I reproduce below my article published on LoyarBurok which is an updated version of my article originally published in the July-September 2013 issue of Malaysian Bar’s Praxis. I set out the new legal framework which will allow foreign lawyers and foreign law firms to practise foreign law in West Malaysia.
The liberalisation of the legal market in West Malaysia to allow for the entry of foreign lawyers has been the subject of discussion stretching as far back as 1999.
The momentum for such liberalisation had picked up pace over recent years as Bank Negara was keen to allow for foreign lawyers and their foreign expertise to enter Malaysia to develop Malaysia into an international Islamic financial hub.
The Legal Profession (Amendment) Act 2012 (“Amendment Act”), which amends the existing Legal Profession Act 1976 (“LPA”), was passed on 13 June 2012. Although it has been gazetted, it has not come into force yet. Once brought into operation, the Amendment Act will insert a new Part IVA into the LPA to allow for foreign law firms and foreign lawyers to practice foreign law in West Malaysia. For ease of reference, the relevant provisions of the LPA I will be referring to will be the sections as amended by the Amendment Act.
This article will briefly analyse the legal framework for the impending liberalisation of the legal market although it will necessarily be confined only to West Malaysia in which the LPA applies.
It would however be useful to first briefly set out a snapshot of the present Malaysian legal market in terms of how foreign law firms already have some form of presence here.
Part B. The Present Legal Market
Baker & Mckenzie has had its member law firm in Malaysia for years now while Trowers & Hamlins opened a non-trading representative office in Kuala Lumpur in July 2012. It was the first foreign firm to obtain such an approval from the Malaysia Investment Development Authority to do so.
Two of Singapore’s largest law firms have also made its Malaysian presence felt relatively recently whereby Rajah & Tann and Allen & Gledhill have links with their associate law firms in Malaysia.
Foreign law firms also regularly advise on Malaysian corporate transactions, where these firms are based offshore in Singapore or in other countries.
The liberalisation as set out in the Amendment Act will provide for more options for foreign law firms and foreign lawyers to practice and advise on foreign law within Malaysia.
Part C. The Three Entry Routes into Malaysia
There will be three entry routes into Malaysia for foreign law firms and foreign lawyers. While the amendments to the LPA sets out the general framework, the specific details on the conditions and criteria for entry will be set out in the rules to be approved by the Bar Council and the Attorney General.
I am made to understand that these rules have been finalised by the Bar Council and they are presently to be approved by the Attorney General. Therefore, the details I highlight in this article are subject to the final approved version of the rules.
C.1 Permitted Practice Areas
Before fleshing out the three entry routes, I will highlight that the common element for all three is that each of these routes will allow a foreign law firm or foreign lawyer to only practise in permitted practice areas (see section 40F(8)(a) of the LPA for International Partnerships, section 40G(7) of the LPA for Qualified Foreign Law Firms and section 40J(2) of the LPA for foreign lawyers).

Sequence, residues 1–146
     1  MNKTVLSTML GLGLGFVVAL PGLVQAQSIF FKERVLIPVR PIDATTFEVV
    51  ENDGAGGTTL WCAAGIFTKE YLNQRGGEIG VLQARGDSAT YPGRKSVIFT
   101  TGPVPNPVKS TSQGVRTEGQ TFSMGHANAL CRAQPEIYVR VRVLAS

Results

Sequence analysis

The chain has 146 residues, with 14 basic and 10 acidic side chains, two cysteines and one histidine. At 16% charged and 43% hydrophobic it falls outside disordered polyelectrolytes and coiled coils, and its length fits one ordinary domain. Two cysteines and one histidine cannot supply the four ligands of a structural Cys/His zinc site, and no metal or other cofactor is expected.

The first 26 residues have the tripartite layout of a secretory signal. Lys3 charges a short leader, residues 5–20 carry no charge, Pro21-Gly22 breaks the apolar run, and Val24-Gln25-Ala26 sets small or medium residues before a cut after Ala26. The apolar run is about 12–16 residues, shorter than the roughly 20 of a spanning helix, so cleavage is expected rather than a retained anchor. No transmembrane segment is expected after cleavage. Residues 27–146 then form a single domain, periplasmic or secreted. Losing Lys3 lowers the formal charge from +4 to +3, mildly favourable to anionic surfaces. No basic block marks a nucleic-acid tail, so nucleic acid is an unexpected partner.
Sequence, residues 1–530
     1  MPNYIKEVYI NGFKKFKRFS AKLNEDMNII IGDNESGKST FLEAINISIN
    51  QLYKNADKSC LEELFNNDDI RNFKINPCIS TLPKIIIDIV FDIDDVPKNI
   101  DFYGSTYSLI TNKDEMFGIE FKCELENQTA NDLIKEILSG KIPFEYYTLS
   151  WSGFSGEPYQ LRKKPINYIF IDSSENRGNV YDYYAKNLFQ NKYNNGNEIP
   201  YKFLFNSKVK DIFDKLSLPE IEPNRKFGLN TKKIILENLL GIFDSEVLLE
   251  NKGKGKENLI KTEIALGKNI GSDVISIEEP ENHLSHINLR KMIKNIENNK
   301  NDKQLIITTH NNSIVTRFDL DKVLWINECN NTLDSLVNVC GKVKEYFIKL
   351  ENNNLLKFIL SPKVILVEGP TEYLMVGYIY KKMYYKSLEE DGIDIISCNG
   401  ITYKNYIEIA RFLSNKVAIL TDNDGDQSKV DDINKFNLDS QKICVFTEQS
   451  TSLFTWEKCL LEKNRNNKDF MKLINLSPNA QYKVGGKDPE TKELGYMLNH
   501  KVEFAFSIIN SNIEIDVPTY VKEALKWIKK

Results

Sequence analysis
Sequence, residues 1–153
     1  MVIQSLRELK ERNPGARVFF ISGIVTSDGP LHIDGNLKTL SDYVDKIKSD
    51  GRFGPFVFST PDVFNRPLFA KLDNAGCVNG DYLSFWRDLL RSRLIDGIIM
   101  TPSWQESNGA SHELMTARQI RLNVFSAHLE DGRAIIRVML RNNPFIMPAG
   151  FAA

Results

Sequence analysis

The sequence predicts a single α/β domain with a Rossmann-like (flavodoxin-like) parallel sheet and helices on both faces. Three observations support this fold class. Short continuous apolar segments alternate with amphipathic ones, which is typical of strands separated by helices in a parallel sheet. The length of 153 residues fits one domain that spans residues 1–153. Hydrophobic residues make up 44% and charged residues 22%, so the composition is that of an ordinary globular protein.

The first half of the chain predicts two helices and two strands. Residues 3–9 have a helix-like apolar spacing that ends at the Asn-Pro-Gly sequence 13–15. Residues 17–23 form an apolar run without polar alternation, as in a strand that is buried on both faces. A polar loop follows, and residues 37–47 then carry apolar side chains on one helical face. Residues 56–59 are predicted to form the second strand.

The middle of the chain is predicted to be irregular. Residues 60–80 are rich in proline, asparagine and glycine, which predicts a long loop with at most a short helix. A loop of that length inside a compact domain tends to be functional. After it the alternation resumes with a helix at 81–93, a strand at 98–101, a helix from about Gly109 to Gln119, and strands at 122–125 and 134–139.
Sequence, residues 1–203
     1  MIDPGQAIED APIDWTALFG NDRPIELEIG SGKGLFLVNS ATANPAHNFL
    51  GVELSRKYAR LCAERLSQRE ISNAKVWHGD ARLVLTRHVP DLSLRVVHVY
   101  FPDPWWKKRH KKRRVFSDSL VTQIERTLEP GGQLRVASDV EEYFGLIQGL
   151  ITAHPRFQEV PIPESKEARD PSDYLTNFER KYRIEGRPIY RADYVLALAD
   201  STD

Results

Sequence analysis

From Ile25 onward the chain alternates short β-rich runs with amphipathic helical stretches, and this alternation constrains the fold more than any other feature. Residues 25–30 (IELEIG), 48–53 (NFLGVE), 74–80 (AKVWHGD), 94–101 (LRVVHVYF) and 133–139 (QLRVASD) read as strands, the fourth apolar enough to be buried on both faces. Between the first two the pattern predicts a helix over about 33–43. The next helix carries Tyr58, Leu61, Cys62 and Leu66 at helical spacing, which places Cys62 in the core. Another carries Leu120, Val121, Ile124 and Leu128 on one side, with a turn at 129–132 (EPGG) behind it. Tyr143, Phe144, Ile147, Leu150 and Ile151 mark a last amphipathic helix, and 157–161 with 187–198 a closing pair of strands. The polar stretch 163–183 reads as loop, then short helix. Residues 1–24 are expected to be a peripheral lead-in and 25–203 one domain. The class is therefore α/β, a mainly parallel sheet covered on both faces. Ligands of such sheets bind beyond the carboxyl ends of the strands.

While the permitted practice areas are not defined in the Amendment Act, the rules to be passed under the LPA will likely define the permitted practice areas as a transaction regulated by Malaysian law and at least one other national law, or a transaction regulated solely by any law other than Malaysian law. In the case of a Qualified Foreign Law Firm, such aspect of work regulated by Malaysian law shall be undertaken in conjunction with a Malaysian lawyer holding a practising certificate.
The permitted practice areas will also specifically exclude areas of work such as:
- Constitutional and administrative law;
- Criminal law;
- Family law;
- Succession law (including wills, intestacy, probate and administration);
- Trust law (where the settlor is an individual);
- Retail banking (including corporate or commercial loans to small and medium enterprises);
- Registration of patents and trademarks;
- Appearing or pleading in any court of justice in Malaysia;
- Representing a client in any proceedings instituted in such a court or giving advice (whether or not the main purpose of which is to advise the client on the conduct of such proceedings); and
- Appearing in any hearing before a quasi-judicial or regulatory body, authority or tribunal in Malaysia.
From a reading of the definition and the exclusions, the permitted practice areas are defined broadly to allow for foreign law expertise to be brought in to advise on foreign law or elements of foreign law.
There seems to be a specific exclusion on work that deals solely with Malaysian law which would then still be areas within the exclusive domain of Malaysian lawyers. Further, there are ring-fenced areas of work, such as conveyancing and litigation, which are again areas only Malaysian lawyers can practise in.
In allowing for foreign firms and lawyers to practise in the permitted practice areas, there are then three licenses which can be applied for which are set out below.
C.2 Stand-alone model: Qualified Foreign Law Firm
A foreign firm may be licensed to operate in Malaysia as a Qualified Foreign Law Firm (“QFLF”) and under this licence, the QFLF can operate on a stand-alone basis.